I hope the process occurred in that order. Usually the “curriculum map” simply follows the textbook. There is no true backward planning because the textbook lays out the scope and sequence. I’m sure eventually they will be giving you a curriculum map as well. My district is tied to a textbook that is now out of print; I’m looking forward to the discussion of benchmarks when they discover that their questions are so tied to a particular book that they are useless.

  5. Melissa here is a case in point of this mindset that I personally have developed to what I think are unreasonable requests of me by people who honestly don’t know what I do.

    I got an email a few minutes ago, right in the middle of the day here at Lincoln, from my AP. He asked me, in response to some lesson plans I had sent in in a new format we are using:

    “How often do you assess kids to see if they are progressing? weekly? 6 weeks?”

    I responded:

    Joe –

    assessment is almost daily in the form of short quizzes at the end of class, ten points, as an exit ticket. I am a big believer in formative assessment. Long term summative assessment involves too much memorization, in my view. I also do a writing assessment every two or three weeks as per district requirements. The formative daily quizzes really help the kids stay focused in class and give me immediate feedback on any student who may need some intervention.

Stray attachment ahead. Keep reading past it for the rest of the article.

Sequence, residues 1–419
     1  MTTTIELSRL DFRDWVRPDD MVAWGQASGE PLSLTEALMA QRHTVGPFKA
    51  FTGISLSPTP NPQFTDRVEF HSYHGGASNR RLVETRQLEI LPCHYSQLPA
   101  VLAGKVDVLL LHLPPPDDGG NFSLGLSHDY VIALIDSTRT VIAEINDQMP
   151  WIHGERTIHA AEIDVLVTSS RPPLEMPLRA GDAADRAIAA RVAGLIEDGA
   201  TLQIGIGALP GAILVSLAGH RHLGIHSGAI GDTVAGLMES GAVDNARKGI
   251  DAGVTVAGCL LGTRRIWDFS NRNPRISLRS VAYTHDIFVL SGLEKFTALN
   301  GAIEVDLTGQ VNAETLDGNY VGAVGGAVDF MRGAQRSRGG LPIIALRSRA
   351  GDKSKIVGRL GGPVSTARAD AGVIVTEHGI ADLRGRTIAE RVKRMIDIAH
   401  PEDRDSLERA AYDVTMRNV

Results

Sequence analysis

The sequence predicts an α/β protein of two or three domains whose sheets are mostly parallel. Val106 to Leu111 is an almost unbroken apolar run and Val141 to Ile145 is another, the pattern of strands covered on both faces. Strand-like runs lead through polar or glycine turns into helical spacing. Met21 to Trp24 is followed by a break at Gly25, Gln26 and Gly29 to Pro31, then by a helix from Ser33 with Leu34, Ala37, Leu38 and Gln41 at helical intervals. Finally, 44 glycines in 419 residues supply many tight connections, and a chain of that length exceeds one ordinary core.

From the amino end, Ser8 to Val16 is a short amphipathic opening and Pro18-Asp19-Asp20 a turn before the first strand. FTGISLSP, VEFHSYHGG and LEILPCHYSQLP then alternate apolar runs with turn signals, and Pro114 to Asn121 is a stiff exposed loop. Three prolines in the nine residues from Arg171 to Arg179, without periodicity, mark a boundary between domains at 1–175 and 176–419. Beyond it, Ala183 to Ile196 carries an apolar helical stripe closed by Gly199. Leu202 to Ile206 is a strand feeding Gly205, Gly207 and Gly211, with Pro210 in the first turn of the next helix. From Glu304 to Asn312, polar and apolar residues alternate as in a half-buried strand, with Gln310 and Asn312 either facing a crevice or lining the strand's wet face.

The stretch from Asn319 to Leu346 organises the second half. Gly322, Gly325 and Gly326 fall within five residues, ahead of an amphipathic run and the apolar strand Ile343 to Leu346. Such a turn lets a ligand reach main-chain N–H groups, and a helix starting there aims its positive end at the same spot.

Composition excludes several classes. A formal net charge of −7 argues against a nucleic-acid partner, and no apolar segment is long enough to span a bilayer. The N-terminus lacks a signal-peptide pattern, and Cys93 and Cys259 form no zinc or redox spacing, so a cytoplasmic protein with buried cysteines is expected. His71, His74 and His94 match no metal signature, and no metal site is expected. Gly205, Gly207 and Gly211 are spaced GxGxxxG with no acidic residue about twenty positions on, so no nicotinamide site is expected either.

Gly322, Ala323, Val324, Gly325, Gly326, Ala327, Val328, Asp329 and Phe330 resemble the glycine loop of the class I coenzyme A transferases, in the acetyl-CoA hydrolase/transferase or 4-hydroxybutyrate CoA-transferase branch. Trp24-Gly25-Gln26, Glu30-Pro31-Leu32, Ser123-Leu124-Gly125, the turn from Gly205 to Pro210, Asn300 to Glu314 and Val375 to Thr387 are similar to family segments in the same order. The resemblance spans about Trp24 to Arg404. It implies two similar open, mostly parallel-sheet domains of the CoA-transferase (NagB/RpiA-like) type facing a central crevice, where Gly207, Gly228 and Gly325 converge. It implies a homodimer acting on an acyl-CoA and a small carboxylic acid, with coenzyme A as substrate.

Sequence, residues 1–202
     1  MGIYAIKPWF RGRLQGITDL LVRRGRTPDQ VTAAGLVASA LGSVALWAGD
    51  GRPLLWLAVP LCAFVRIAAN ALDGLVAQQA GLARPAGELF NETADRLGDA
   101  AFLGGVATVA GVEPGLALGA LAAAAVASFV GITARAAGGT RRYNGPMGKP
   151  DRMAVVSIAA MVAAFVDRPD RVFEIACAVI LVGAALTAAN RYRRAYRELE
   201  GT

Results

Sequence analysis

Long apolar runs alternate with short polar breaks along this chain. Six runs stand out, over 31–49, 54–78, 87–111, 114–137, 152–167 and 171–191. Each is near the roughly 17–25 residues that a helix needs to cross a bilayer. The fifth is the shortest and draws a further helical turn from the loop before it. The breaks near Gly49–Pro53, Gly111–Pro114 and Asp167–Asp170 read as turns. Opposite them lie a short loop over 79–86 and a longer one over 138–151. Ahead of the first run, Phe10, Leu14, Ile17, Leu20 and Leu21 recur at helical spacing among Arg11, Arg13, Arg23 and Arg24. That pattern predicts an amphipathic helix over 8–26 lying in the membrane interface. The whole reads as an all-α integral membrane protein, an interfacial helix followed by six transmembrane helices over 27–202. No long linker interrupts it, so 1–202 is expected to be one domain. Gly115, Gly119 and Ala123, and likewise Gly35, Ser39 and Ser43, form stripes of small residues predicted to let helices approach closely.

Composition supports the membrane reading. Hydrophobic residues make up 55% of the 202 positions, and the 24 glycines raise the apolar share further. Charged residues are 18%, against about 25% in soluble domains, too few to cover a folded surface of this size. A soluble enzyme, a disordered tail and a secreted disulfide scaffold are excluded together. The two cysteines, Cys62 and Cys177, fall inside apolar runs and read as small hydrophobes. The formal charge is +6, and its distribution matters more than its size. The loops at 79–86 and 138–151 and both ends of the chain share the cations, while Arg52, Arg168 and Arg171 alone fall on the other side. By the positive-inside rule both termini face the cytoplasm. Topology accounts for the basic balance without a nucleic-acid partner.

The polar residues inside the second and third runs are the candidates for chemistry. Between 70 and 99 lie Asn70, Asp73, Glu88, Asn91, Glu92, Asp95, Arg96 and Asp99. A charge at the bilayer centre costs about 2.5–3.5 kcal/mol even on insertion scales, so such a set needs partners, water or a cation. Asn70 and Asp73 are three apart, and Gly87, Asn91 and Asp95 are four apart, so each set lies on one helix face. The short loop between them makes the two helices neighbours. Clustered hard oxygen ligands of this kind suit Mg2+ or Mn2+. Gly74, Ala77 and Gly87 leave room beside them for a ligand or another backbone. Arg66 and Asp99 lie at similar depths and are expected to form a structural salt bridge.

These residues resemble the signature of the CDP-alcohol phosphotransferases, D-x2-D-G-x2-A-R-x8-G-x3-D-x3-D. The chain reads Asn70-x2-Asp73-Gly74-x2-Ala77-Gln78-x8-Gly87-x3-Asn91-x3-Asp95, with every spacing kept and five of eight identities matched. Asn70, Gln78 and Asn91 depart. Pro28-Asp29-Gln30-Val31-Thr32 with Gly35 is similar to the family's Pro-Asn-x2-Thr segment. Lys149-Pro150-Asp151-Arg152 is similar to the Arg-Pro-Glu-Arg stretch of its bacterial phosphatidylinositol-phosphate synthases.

I got a nice email back. It said, “Thanks brother!!”

    He is happy because I rewponded to his request. He didn’t delve deep as I didn’t delve deep. We did what we had to do. Done with that.

    Now I have to deal with the lady who just walked in to observe me without letting me know. Don’t ya love that? Luckily I have my Matava scripts. I can bail from my planned rST work and do an unpublished story Anne just sent me.

    It’s just a big game. CI is CI. We do CI and our kids learn. We do activities and our kids don’t learn. Admins don’t get that. Bless their hearts.

  6. I am hoping that your email above is exactly what happens for me as well with administration. I am hoping when the high school teachers see how much my 8th graders can actually comprehend this year, it’ll speak for itself. BTW – Thanks for the blue chip post because I don’t have five years to read all this stuff…barely five minutes since I have a 4 and 3 year old waiting for my attention at home.